Hola from Madrid
Tips for Australians coming to Spain:
- The people who tell you that Spain is always warm are from cold, cold countries.
- Goon is no longer necessary. A litre bottle of vodka can be purchased in the supermarket, next to the juice, for four euros.
- When the Sydney lockouts start happening – about 3am – is the time people in Madrid start entering the club.
It’s been two and a half months so far and I have seen snow for the first time (in big, big quantities travelling through northern Spain), seen some of the capitals of the ancient Islamic world, walked into buildings over a thousands years old and been held up at the end of a checkout frequently for not understanding enough Spanish to talk to the checkout person.
Overall, exchange is a crazy experience. I through myself into the deep end by not totally learning the language or understanding how cold it can get in Madrid (it’s high up on a plateau) but after meeting other international students and starting to get into the vibe of Spain it has been amazing. Cultural differences start to become normal – like the late meals (2:30pm lunch; 9am dinner; 11pm pre-drinks) and the crazy amount of bread and jamón that is everywhere and comes with literally everything (20 cent baguette bread though). Pretty soon I couldn’t imagine how I had lived in Australia where everything stops early, there is loads of space at any restaurant or average bar you walk into and the weather stays at a moderate, predictable temperature.
University here is a bit different – compared to UTS it seems super disorganised, but you learn to deal with it. It’s also much more oldschool (for a MAP student anyway). Classes are very ‘teacher talks, you listen, teacher leaves’ style, but that’s something you get used to as well. In the end, the things you learn from exchange aren’t going to come from your university subjects. Mixing with so many international students in Europe – one of the most culturally diverse places in the world – is amazingly different to the isolated and relatively homogenous Australia. I’ve met girls from Lebanon who study in Beirut and grew up with bombings at different sides of the city being completely normal; people from Canada who live in places that have recently reached temperatures colder than mars; Spanish people who speak four languages and are ready to fly the Spanish flag in the next olympics for Judo. Most of all I’ve met a million kinds of living that are not something I would have considered before – or at least would have considered extreme. The whole experience has managed to make the world seem smaller and all the things I once would have thought were far off now seem tangible. The opportunities in Europe for film and creatives like me are inspiring, and the places you go and times you have (good and bad) while trying to survive by yourself in Europe are really character defining moments.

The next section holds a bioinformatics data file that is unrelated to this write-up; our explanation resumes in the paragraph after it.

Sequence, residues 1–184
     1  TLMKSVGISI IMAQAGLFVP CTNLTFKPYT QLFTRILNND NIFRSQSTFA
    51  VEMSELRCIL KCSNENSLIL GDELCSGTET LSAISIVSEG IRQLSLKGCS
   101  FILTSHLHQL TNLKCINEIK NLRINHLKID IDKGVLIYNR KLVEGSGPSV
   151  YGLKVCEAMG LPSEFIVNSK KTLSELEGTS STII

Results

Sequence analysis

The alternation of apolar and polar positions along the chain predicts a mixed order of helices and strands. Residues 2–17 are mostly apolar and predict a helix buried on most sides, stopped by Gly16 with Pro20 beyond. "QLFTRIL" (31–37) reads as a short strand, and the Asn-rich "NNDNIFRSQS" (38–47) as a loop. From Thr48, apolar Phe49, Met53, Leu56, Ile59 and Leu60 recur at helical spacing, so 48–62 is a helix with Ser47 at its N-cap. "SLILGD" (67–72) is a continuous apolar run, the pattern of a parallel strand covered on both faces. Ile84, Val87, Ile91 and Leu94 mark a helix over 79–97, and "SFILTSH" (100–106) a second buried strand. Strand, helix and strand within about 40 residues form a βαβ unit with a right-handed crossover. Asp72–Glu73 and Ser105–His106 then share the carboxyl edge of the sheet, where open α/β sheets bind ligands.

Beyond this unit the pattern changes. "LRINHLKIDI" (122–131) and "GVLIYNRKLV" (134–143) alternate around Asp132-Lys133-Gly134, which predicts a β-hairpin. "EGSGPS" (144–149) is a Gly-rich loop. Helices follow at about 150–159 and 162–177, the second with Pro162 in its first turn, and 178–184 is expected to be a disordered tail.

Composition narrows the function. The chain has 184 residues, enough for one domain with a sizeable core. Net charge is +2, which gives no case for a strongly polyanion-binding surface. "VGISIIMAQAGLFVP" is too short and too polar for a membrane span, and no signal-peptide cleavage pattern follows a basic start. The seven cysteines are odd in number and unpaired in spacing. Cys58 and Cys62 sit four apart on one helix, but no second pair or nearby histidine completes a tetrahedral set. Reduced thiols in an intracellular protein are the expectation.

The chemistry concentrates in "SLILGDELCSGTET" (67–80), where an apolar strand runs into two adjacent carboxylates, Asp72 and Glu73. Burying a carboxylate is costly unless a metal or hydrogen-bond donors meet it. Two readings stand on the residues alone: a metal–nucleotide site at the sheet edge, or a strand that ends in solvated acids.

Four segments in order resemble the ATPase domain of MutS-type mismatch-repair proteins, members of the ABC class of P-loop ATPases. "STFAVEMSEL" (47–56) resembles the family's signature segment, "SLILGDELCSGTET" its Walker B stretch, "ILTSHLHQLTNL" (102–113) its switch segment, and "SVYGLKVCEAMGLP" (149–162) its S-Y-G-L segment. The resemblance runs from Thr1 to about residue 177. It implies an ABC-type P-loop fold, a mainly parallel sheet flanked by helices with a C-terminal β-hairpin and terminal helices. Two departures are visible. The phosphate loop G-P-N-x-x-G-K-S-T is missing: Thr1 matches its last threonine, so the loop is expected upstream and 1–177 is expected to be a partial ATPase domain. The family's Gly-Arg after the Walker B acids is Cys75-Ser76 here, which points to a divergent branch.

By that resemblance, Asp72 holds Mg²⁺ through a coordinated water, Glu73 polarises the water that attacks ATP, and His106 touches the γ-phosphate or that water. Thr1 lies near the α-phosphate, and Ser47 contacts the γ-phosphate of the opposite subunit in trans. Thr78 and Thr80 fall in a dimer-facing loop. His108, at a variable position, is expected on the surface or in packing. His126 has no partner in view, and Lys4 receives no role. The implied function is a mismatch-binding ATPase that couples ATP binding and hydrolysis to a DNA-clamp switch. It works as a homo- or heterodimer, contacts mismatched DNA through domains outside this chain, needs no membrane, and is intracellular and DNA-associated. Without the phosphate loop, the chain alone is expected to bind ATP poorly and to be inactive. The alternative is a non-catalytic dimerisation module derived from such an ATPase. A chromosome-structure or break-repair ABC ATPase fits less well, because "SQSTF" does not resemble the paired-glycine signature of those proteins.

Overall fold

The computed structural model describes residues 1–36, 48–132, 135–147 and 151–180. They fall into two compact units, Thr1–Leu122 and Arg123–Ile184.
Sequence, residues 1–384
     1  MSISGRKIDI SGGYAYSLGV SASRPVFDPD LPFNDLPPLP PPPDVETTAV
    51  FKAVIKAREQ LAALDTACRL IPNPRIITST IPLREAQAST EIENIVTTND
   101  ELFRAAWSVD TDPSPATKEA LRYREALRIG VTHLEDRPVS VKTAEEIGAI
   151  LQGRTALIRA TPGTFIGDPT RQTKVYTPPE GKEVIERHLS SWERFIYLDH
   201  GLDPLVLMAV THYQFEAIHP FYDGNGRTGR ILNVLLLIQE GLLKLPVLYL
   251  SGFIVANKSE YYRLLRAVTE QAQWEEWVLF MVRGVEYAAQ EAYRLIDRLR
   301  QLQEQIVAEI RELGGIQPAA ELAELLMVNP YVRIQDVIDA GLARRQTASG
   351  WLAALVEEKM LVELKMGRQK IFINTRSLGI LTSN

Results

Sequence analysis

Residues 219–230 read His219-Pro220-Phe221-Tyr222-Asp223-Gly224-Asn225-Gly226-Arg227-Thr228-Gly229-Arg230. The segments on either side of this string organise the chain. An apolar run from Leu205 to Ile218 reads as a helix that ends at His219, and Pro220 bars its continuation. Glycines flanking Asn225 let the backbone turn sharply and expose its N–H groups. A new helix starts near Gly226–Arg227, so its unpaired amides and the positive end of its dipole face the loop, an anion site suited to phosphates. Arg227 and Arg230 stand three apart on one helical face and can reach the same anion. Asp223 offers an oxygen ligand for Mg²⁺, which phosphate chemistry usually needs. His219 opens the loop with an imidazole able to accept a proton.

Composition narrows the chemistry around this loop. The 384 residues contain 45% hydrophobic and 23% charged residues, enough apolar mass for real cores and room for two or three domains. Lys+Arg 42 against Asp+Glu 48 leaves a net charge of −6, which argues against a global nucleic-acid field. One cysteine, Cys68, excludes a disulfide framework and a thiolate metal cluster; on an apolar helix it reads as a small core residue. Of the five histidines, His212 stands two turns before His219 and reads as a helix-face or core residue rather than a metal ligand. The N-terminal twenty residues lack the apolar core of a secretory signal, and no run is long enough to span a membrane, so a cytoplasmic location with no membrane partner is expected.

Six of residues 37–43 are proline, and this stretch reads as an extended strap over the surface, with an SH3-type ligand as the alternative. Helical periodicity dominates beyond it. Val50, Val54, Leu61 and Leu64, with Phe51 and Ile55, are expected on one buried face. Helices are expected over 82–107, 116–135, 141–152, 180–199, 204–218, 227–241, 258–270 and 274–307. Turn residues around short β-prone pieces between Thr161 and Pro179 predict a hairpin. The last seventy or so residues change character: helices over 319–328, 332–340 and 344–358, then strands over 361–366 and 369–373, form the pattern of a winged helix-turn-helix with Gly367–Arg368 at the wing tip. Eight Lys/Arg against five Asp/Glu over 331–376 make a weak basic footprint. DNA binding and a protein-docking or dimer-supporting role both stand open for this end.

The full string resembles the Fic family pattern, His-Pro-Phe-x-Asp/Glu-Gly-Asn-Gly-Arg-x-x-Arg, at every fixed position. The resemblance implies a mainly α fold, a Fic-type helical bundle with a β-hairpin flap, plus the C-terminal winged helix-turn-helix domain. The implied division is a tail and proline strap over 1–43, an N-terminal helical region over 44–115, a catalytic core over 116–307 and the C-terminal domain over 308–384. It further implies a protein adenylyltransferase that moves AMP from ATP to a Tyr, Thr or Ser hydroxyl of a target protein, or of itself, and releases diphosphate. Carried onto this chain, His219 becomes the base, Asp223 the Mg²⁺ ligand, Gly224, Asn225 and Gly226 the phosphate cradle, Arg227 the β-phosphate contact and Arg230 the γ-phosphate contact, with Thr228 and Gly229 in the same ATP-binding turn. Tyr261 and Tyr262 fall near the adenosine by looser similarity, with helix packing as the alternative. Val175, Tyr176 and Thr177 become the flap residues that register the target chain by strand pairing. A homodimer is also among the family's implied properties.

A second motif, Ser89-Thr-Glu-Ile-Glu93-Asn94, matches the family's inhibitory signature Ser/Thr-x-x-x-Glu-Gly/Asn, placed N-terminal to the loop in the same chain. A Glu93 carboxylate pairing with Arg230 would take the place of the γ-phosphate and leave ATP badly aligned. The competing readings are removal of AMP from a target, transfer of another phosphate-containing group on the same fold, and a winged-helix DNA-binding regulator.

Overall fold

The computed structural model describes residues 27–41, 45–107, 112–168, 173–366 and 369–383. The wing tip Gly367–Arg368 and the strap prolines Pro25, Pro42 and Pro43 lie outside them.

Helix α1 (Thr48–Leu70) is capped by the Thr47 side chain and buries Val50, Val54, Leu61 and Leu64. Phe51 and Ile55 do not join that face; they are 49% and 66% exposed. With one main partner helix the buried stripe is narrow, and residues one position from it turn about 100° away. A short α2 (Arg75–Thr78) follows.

I would recommend exchange to anyone, it is definitely something that opens up your mind and gives you a new perspective on both the world and life.
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